Headlines similar to this one popped up all over the news recently in response to the climate disasters in Houston, Puerto Rico, the Caribbean islands, and Florida. Many scientists have explored and seek to further understand the connection between climate change and extreme weather events.

You may be wondering how a warming planet impacts the intensity of hurricanes. Put simply, the planet warms as a result of increased greenhouse gas emissions, like carbon dioxide and methane.

The warming effect of greenhouse gases is similar to the warming effect of layers of clothing, which trap heat to regulate body temperature. The more shirts, pants, and jackets that are added to your body, the more sweaty and uncomfortable you become.

Just like clothing layers can affect your movement and even cause you to sweat, a warmer planet affects rainfall and wind speeds, because of increased energy circulating in the climatic system. Both rainfall and wind speed are key characteristics that influence the intensity of hurricanes[1].

As demonstrated by the tragedy and destruction brought by Hurricanes Harvey and Irma, increasingly severe natural disasters will inevitably have a negative effect on people and communities that live in the wake of their destructive power.

Communities of color are more vulnerable to the effects of climate change, like the increase in extreme weather events. After Hurricane Katrina, while 71% of Caucasian Americans returned to New Orleans, only 51% of African Americans returned. Pre-existing vulnerabilities and systemic barriers made it more difficult for communities of color to respond to these impacts– such as having their homes built in the flood plain, being underinsured for housing and health, and being less mobile.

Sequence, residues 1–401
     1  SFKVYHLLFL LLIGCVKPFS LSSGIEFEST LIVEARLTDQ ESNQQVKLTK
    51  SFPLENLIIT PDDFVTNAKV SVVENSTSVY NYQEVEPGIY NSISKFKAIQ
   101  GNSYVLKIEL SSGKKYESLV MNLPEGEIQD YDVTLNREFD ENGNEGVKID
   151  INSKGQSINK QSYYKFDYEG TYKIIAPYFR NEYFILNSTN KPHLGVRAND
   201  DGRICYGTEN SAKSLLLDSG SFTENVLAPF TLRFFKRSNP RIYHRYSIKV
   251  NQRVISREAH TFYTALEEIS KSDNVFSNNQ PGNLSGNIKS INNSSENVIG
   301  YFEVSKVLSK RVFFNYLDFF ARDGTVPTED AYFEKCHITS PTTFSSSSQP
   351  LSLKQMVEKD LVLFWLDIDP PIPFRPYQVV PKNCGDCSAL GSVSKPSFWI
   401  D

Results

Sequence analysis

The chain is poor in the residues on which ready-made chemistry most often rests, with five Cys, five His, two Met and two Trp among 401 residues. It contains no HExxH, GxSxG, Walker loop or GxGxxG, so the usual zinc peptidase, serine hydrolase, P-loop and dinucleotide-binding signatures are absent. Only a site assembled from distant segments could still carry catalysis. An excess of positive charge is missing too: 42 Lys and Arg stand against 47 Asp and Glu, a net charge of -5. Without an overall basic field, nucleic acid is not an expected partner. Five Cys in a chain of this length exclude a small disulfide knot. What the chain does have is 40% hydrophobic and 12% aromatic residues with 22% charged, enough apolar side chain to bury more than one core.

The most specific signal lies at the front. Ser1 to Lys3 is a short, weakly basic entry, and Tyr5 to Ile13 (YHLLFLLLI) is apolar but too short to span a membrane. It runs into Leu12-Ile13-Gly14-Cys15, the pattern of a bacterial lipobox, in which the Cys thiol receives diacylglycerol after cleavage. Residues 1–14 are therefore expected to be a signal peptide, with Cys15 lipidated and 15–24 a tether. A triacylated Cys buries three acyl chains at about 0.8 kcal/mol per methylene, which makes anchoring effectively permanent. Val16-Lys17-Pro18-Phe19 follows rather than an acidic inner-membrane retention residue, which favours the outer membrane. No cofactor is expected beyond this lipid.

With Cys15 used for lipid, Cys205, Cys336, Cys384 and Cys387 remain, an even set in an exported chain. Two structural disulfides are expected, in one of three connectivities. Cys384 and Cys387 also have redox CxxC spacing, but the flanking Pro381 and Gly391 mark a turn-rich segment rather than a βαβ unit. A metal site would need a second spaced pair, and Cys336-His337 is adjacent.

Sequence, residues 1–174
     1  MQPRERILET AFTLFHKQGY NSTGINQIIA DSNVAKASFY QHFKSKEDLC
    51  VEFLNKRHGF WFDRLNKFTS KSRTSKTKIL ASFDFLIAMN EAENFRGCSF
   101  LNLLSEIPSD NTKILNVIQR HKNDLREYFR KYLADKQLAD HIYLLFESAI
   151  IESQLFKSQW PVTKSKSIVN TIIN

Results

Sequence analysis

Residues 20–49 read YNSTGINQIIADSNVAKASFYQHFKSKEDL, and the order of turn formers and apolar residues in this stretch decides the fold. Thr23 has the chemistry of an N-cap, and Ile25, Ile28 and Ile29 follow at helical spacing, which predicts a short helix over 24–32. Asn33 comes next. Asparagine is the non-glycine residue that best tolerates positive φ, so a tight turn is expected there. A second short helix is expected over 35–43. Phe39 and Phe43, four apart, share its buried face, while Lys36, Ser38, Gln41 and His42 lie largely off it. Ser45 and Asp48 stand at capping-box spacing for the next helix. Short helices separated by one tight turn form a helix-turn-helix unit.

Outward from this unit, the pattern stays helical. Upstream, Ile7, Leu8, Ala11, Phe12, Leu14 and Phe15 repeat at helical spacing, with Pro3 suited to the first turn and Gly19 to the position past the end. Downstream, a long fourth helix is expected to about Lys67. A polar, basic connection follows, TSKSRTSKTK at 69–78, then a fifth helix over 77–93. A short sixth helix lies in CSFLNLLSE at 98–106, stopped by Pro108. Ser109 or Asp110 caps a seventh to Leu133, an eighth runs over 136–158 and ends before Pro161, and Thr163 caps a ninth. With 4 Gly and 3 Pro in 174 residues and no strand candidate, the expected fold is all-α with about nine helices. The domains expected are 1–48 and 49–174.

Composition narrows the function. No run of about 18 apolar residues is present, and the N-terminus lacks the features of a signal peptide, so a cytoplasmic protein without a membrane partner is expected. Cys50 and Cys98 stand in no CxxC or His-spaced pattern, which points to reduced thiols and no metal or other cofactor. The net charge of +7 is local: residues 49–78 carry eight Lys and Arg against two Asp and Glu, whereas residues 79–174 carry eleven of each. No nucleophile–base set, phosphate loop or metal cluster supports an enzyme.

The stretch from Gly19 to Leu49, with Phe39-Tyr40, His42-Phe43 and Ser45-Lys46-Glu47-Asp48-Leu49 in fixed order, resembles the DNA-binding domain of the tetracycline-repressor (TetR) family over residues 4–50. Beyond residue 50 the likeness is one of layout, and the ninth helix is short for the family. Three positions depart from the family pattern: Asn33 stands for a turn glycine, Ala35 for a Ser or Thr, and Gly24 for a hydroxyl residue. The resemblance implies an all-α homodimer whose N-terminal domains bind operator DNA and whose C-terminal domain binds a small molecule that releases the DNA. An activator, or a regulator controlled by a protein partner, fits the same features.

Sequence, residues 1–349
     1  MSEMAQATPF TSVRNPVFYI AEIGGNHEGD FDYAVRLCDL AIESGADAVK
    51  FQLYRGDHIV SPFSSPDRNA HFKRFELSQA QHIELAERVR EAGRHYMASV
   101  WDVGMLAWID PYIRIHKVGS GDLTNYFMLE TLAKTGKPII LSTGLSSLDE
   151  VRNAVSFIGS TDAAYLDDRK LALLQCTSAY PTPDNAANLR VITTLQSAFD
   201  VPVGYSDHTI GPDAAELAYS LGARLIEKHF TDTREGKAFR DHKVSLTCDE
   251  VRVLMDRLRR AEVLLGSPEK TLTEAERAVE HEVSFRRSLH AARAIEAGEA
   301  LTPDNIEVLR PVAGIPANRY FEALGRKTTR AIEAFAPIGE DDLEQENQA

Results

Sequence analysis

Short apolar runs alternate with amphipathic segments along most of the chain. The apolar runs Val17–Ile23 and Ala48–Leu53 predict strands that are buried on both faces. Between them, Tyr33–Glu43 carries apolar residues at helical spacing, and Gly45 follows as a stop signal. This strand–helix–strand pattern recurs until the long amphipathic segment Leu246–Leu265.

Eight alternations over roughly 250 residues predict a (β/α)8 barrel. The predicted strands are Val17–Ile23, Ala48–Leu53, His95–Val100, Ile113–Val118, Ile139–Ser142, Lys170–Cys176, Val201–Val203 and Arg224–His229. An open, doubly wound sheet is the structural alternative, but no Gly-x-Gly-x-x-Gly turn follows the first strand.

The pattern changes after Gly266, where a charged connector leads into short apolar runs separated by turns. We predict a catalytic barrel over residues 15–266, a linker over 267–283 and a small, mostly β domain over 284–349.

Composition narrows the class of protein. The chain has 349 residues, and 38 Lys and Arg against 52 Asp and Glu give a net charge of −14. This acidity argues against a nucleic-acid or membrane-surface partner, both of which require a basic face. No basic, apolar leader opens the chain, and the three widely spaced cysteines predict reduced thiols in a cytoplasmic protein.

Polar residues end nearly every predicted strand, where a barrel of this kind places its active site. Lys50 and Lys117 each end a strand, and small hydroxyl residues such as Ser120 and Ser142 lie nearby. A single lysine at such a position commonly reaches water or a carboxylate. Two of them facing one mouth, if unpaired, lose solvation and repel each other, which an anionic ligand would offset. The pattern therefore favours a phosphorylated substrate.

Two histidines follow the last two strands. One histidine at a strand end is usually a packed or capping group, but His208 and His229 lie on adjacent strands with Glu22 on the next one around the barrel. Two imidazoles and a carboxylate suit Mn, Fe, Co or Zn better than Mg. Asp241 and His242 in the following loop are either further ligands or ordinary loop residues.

Climate justice is the resulting idea that people from all backgrounds deserve to be included and supported in the fight against climate change.

Many people are committed to moving the needle on this issue.

However, few have thoroughly explored the link between intensifying hurricanes and their consequences for people in prisons. For our podcast, my team delved into this topic, specifically by interviewing experts and collecting testimony about the effects of Hurricane Harvey from people who are currently incarcerated.

A prominent advocate on this issue is Panagioti Tsolkas, the director of the Prison Ecology Project an initiative that maps the intersection between environmental issues and mass incarceration. We had the privilege to interview Panagioti about the effects of climate change on people in prisons. His stories highlight the horrors faced by people who are incarcerated in the event of extreme weather events; including, being denied medical treatment, being forced to drink toilet water, and watching the water rise around them while trapped helplessly in their cells.

Uncertainty demonstrated in climate models with the link between climate change and intensifying hurricanes does not justify the lack of effective disaster management plans at the federal and state level. In fact, the precautionary principle of environmental policy tells us that we should introduce regulations regardless of uncertainty to lessen consequences.  It is our imperative to organize disaster management protocols to protect exposed and suffering communities.

The podcast below sheds light on stories of imprisoned climate warriors affected by Hurricane Harvey. Please listen and share this story with your own network to build understanding for the urgency of responding to climate change. It is time to take action to shed light on the struggle of those behind bars.

[1] Burch, Sarah L. and Sara E. Harris. “Understanding Climate Change: Science, Policy, and Practice.” University of Toronto Press. Buffalo, NY. 2014. pg 206.

The narrator in the podcast is my colleague, Emily Sullivan. I wrote the script and edited the audio.